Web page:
A huge and unifying theme in contemporary marketing is the speed of change in the marketplace (consumer tastes, marketing technology, and product development). The growing number of marketing options, and the competition for mindshare among consumers and businesses that are overwhelmed with competing marketing messages, are real-world challenges that result from this rapid change.
The rapid proliferation of Social Media (online technologies and practices that are used to share opinions, experiences, insights, etc. with each other) is having a significant impact on the way companies go to market and respond to customer demands.
New names for old concepts, e.g. Blue Ocean strategy supposedly calls Porters generic strategies into question, but upon closer analysis, looks amazingly similar to his “differentiation” strategies. There are not many new ideas, but a whole lot of old ones with new names masquerading as original thought.
Next is the “green” issue because this is a rapidly growing niche market. We can call it a niche because still the majority of consumers ignore green factors when making buying decisions; however, there are a growing number of consumers who are becoming more socially and environmentally conscious.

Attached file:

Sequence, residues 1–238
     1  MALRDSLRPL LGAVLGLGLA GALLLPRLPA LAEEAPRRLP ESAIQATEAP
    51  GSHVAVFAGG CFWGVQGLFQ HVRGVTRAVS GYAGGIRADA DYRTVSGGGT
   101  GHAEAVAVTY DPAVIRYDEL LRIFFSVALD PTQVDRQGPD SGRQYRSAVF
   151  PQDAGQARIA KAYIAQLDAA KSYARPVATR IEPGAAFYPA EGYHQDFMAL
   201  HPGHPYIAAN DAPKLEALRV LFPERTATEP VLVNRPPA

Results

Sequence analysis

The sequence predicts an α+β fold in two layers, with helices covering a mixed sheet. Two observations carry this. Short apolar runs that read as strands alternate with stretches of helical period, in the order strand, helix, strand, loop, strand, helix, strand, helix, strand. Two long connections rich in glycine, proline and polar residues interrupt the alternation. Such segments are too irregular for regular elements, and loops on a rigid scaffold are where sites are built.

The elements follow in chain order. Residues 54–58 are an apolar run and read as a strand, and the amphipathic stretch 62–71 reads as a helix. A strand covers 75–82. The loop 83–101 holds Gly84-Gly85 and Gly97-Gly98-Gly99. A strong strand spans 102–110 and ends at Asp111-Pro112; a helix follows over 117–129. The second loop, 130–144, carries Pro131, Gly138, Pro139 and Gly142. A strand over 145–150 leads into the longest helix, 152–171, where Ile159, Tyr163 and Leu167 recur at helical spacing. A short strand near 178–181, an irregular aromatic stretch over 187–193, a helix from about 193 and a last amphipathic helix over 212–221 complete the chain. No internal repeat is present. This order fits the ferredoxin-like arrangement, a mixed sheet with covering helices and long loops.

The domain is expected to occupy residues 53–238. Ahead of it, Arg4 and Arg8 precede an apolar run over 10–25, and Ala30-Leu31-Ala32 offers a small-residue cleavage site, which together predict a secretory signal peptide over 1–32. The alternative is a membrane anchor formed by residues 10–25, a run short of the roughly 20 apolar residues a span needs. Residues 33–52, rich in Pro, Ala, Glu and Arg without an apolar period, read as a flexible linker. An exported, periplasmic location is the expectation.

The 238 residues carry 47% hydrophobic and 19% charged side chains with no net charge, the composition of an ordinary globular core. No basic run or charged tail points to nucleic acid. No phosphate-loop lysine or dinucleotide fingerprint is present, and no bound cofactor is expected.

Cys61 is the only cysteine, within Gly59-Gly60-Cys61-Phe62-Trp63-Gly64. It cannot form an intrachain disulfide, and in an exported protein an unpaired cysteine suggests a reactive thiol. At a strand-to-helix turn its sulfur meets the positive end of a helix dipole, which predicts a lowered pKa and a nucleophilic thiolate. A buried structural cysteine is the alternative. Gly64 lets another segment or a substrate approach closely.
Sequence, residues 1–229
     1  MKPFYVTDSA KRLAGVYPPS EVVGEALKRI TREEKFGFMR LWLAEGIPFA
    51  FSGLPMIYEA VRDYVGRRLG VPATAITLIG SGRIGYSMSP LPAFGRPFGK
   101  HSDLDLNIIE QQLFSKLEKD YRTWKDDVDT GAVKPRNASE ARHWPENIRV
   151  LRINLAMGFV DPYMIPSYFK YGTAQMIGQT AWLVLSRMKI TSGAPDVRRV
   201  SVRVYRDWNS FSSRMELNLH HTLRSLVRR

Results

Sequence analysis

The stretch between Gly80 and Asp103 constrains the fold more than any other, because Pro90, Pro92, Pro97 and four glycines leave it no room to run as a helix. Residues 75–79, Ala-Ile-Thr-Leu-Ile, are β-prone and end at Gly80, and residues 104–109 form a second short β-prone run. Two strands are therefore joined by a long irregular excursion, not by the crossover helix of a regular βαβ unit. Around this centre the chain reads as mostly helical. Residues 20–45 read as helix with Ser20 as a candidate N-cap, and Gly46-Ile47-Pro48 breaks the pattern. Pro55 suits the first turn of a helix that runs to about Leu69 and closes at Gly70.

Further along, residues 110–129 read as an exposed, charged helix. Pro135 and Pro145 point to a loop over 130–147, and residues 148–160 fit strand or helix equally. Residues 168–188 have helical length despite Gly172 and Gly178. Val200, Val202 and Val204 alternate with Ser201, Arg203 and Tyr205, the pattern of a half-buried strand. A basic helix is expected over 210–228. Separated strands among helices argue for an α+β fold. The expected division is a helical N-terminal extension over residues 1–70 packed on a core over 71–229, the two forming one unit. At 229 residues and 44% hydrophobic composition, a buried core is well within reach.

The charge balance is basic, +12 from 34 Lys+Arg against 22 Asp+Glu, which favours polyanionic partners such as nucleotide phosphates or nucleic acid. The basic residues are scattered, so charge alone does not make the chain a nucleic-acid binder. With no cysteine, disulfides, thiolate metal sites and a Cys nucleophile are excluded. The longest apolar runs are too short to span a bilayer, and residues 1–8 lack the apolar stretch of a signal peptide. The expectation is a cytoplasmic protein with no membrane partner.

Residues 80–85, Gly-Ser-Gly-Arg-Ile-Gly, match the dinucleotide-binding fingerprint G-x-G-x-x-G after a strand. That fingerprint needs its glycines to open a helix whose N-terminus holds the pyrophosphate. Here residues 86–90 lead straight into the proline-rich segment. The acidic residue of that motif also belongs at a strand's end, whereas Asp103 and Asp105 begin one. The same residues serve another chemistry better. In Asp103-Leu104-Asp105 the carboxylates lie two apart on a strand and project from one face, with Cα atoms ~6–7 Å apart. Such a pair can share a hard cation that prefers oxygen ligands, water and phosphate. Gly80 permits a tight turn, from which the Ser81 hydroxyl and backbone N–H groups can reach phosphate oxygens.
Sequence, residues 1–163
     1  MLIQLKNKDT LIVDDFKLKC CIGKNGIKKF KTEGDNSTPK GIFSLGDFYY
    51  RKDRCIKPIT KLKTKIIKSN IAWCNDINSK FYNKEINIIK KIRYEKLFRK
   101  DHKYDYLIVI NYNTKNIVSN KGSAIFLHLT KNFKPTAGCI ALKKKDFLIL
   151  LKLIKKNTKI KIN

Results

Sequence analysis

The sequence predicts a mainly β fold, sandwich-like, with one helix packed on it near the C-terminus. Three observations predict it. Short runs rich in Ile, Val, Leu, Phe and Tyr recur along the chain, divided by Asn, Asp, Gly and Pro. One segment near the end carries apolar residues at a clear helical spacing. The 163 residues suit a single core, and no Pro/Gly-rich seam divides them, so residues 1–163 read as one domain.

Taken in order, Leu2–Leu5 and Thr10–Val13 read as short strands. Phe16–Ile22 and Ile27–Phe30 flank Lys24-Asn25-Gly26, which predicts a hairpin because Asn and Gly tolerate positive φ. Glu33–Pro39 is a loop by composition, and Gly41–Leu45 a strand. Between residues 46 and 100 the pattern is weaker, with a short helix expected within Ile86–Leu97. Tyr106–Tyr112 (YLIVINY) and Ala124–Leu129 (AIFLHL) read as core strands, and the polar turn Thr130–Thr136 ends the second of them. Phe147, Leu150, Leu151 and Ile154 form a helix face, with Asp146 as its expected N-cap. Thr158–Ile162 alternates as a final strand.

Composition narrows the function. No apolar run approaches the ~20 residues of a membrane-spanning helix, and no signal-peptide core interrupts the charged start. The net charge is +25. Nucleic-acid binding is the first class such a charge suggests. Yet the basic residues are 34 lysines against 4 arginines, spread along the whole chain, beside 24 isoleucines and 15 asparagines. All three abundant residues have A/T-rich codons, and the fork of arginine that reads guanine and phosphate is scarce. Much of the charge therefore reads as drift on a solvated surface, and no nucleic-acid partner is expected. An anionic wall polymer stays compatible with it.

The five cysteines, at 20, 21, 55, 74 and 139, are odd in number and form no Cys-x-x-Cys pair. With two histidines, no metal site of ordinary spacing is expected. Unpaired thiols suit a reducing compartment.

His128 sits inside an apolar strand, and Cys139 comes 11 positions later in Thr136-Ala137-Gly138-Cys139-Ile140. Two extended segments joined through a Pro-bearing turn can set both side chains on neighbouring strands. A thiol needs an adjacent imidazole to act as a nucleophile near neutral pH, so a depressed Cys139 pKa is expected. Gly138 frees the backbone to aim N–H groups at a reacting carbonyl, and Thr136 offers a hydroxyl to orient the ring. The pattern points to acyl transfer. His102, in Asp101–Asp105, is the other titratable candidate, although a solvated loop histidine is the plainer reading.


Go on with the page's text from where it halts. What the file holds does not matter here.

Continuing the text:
The techniques to market to folks vary greatly by age, for instance which age groups can you reach by newspapers, which by emails, which by social networking, which by digital media. We may segment the consumer market by age ranges, and can focus on the one single issue which is most important in reaching folks of that age range – and use and demonstrate a technology related to that issue for each ad range, e.g. we can have photocopies of newspaper articles which deal with issues for seniors, we can have a Facebook page or something similar for another age group…
New entrants who want to understand contemporary marketing need a hybrid approach that includes (a) some grounding in those past marketing theories which are timeless and relevant, (b) fluency in marketing technologies, which will greatly affect their ability to enter the marketing workplace in the present, and (c) the tools to adapt opportunistically in fluid markets, which is the chief skill marketers will require in the future.
Dr. Pooja Chopra is the Founder Director, Orlina Ventures Pvt. Ltd. (www.orlinaventures.com). She is MBA (Marketing), Ph.D. in Management (Research area Ecotourism) and Masters in Environment Management from Yale University, USA. She could be reached at email@example.com.